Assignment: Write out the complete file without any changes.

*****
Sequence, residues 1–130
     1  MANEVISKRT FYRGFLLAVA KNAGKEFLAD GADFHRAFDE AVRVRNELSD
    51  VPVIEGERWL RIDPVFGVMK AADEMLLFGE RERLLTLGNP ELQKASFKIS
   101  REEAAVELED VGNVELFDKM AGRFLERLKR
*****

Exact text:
Sequence, residues 1–130
     1  MANEVISKRT FYRGFLLAVA KNAGKEFLAD GADFHRAFDE AVRVRNELSD
    51  VPVIEGERWL RIDPVFGVMK AADEMLLFGE RERLLTLGNP ELQKASFKIS
   101  REEAAVELED VGNVELFDKM AGRFLERLKR